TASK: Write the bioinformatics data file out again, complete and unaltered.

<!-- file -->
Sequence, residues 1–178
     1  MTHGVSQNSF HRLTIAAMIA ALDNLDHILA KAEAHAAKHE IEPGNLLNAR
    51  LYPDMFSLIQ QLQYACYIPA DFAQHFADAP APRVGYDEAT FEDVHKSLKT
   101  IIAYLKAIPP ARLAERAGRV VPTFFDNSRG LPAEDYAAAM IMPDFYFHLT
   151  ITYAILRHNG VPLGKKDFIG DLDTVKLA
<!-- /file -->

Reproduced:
Sequence, residues 1–178
     1  MTHGVSQNSF HRLTIAAMIA ALDNLDHILA KAEAHAAKHE IEPGNLLNAR
    51  LYPDMFSLIQ QLQYACYIPA DFAQHFADAP APRVGYDEAT FEDVHKSLKT
   101  IIAYLKAIPP ARLAERAGRV VPTFFDNSRG LPAEDYAAAM IMPDFYFHLT
   151  ITYAILRHNG VPLGKKDFIG DLDTVKLA